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Katherine EllisonBack to OpinionKatherine Ellison

Needed: A guide for the perplexed ADHD parent

As another new school year gets underway, most of us parents are distracted enough, as we juggle carpools, shopping, housework and homework; deter sibling mayhem; and – oh, right, for most of us – report to our jobs.

But just imagine that you’re the parent of a child with attention-deficit hyperactivity disorder (ADHD). For all too many families, this can mean such a surfeit of distractions that life slides into painful chaos.

The Centers for Disease Control counts 4.5 million U.S. children diagnosed with ADHD, with its chief symptoms of forgetfulness and impulsivity. This suggests that there are many more millions of parents flailing, and, too often, failing, to help them. Despite constant claims that ADHD is overdiagnosed, which it may well be in some circles, the more serious problem is that so many kids who would benefit from help never get it. The surgeon general has estimated that only about 20-25 percent of children with any mental health problems receive adequate treatment.

When it comes to ADHD, the costs of failure are huge, including a heightened risk of school failure, drug and alcohol abuse, and jail time, and an estimated $30 billion annually in beyond-the-norm medical expenses. For the sake of our tax burden, then, as well as because it’s the right thing to do, society should be supporting parents of children with this disorder, instead of blaming them, as is now the default mode.

To get started, let’s take a closer look at ADHD families’ trifecta of challenges.

First: Because clinical-grade distraction is so often hereditary – more than schizophrenia, and just less than height – the disorder can be a double-whammy. In other words, many parents of kids with ADHD are also seriously distracted, having trouble finding their keys, much less maintaining the daily “reward charts” recommended by their child’s latest therapist.

Second: Despite all that scientists now know about the biology of ADHD, including a new report in the medical journal Lancet, with yet more evidence about the disorder’s genetic basis, many influential media commentators continue to insist that the disorder isn’t “real,” but rather the result of bad parenting or just bad kids.

Third: Families in despair about how to cope with a child’s snowballing failures at school and at home have helped engender a booming market in costly, risky and often unregulated treatments – let’s call it the ADHD Industrial Complex. This business behemoth includes not only the $290 billion U.S. pharmaceutical industry, with its lavish ads for stimulants, such as Ritalin and Adderall – effective under some circumstances but by no means a cure-all — but also a host of alternative treatments, including special diets, herbal supplements, computer-based programs, boarding schools and “dolphin-assisted therapy.” Overwhelmed parents are especially easy prey for charlatans who waste their time and money.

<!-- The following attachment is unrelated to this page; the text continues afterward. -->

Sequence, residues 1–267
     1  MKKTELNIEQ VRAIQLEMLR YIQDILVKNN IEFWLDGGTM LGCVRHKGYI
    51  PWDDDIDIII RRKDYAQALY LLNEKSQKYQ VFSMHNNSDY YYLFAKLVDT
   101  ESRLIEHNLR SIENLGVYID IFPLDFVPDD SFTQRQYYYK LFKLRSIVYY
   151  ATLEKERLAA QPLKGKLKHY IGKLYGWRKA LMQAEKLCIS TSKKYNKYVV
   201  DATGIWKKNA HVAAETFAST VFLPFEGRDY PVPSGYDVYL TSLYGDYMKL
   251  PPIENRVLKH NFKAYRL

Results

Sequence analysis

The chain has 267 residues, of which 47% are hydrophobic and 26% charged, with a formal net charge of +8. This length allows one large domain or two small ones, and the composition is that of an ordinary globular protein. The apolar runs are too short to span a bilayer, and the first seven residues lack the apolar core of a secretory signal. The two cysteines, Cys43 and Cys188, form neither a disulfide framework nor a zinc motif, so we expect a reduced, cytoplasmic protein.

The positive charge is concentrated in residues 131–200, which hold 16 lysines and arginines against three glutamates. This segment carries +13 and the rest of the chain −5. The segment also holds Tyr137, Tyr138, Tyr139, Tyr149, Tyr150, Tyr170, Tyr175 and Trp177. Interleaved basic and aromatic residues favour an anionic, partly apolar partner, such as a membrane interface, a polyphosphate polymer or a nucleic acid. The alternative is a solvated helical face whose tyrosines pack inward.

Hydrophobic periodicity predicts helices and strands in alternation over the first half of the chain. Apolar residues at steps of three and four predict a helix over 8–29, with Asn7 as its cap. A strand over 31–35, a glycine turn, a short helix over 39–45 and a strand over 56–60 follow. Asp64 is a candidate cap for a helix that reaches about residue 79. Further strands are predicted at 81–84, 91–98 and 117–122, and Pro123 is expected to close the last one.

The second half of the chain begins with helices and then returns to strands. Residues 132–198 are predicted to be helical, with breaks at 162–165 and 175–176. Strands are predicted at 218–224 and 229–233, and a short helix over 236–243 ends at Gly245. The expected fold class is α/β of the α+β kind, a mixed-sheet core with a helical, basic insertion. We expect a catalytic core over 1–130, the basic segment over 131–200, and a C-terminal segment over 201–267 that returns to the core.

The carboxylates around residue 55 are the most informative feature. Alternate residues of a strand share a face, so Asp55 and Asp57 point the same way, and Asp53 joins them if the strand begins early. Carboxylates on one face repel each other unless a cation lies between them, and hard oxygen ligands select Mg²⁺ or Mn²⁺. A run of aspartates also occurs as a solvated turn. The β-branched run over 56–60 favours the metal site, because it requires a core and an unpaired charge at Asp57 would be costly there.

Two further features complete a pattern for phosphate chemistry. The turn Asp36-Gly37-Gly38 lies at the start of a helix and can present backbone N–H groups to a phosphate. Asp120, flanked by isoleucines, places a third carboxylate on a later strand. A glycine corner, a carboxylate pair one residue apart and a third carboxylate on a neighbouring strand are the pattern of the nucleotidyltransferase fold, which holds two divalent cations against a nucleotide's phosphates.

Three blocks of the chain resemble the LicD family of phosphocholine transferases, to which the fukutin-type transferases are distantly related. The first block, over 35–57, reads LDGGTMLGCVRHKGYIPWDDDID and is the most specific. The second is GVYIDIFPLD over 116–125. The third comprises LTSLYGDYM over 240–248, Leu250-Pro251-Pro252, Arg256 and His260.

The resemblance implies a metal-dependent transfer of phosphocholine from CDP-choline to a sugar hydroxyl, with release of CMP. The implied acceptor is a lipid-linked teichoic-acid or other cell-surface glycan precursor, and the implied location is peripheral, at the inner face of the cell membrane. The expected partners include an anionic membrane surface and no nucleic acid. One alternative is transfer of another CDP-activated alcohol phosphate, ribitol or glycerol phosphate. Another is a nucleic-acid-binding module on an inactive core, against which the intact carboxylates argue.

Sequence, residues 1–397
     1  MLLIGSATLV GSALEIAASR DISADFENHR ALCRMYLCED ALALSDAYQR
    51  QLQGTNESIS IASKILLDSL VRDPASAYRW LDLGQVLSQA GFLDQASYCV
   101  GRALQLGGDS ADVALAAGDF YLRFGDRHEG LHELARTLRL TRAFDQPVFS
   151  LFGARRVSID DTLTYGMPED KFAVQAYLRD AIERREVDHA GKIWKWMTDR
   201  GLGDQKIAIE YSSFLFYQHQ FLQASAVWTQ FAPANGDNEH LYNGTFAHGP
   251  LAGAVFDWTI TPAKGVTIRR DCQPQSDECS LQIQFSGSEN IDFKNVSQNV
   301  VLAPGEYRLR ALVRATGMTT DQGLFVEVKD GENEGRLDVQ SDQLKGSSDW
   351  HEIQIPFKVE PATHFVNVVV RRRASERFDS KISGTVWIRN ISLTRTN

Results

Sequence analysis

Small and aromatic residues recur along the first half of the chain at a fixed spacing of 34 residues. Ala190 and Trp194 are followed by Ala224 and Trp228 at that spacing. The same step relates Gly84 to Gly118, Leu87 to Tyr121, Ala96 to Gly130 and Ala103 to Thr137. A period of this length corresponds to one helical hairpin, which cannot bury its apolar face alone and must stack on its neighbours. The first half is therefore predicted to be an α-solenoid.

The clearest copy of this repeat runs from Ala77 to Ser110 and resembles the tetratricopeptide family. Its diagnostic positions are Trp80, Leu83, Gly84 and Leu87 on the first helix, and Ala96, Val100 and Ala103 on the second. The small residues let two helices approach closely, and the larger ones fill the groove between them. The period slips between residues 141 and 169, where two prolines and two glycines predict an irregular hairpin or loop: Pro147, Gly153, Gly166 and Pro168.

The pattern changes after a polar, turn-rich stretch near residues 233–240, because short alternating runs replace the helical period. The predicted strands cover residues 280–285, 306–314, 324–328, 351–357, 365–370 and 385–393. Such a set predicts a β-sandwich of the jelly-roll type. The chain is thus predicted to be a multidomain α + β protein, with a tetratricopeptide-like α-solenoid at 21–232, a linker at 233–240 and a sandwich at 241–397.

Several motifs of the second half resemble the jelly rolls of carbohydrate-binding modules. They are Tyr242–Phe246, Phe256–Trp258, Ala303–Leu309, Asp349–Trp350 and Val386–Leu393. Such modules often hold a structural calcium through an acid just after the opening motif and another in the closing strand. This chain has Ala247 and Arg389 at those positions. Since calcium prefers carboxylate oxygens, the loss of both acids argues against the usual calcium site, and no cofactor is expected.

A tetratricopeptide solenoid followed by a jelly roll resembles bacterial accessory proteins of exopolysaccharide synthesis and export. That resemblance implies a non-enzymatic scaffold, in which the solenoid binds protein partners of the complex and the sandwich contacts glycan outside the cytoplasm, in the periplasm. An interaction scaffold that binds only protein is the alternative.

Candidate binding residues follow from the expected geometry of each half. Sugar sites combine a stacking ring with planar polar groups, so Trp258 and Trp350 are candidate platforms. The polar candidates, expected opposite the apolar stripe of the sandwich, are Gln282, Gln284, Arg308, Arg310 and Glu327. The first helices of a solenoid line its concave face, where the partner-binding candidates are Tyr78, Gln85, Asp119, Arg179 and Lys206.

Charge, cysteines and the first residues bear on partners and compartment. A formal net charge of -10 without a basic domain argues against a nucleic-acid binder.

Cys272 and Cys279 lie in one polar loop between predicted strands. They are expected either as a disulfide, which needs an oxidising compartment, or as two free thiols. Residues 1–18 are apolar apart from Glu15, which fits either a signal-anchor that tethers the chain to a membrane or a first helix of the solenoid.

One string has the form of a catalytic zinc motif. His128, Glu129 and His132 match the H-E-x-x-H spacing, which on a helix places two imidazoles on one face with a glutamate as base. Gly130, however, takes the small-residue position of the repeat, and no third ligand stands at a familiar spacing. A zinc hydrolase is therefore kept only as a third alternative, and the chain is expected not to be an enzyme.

Once we finally acknowledge all that families coping with ADHD are up against, perhaps we can start effectively supporting them, and saving everyone money and anguish in the process. The easiest, cheapest and most immediate way to start helping is to make sure that high-quality information on effective interventions is available.

The good news is that the American Academy of Pediatrics recently took a small step in this direction. Earlier this year, it published an unprecedented chart rating evidence-based treatments for 10 common childhood mental health complaints, including ADHD. The chart was based on research by a for-profit firm, and it ranks treatments including medication and behavior therapy, biofeedback and working memory training according to their support from peer-reviewed publications. (Notably, cheap and easy physical exercise is listed as having “good” support, something few parents ever learn.)

Again, it’s a small step. The chart is published in a medical journal and is filled with obscurities for the uninitiated, including treatments labeled “self-verbalization” and “contingency management.”

In the long run, considering the social costs of ADHD, you’d think it would behoove policymakers and insurance companies to help train pediatricians, the most common first-responders, and give them time and resources for effective follow-up. But in the short-run, given that the federal government has spent more than $400 million on ADHD research in the past four years alone, just how much would it take for one federally sponsored analyst to prepare and regularly update a chart in plain English, available free and online for parents, listing potential interventions by weight of scientific corroboration?

It wouldn’t really require much money, just some quality attention.

Does anyone out there have any?

Katherine Ellison is the author ofBuzz: A Year of Paying Attention.”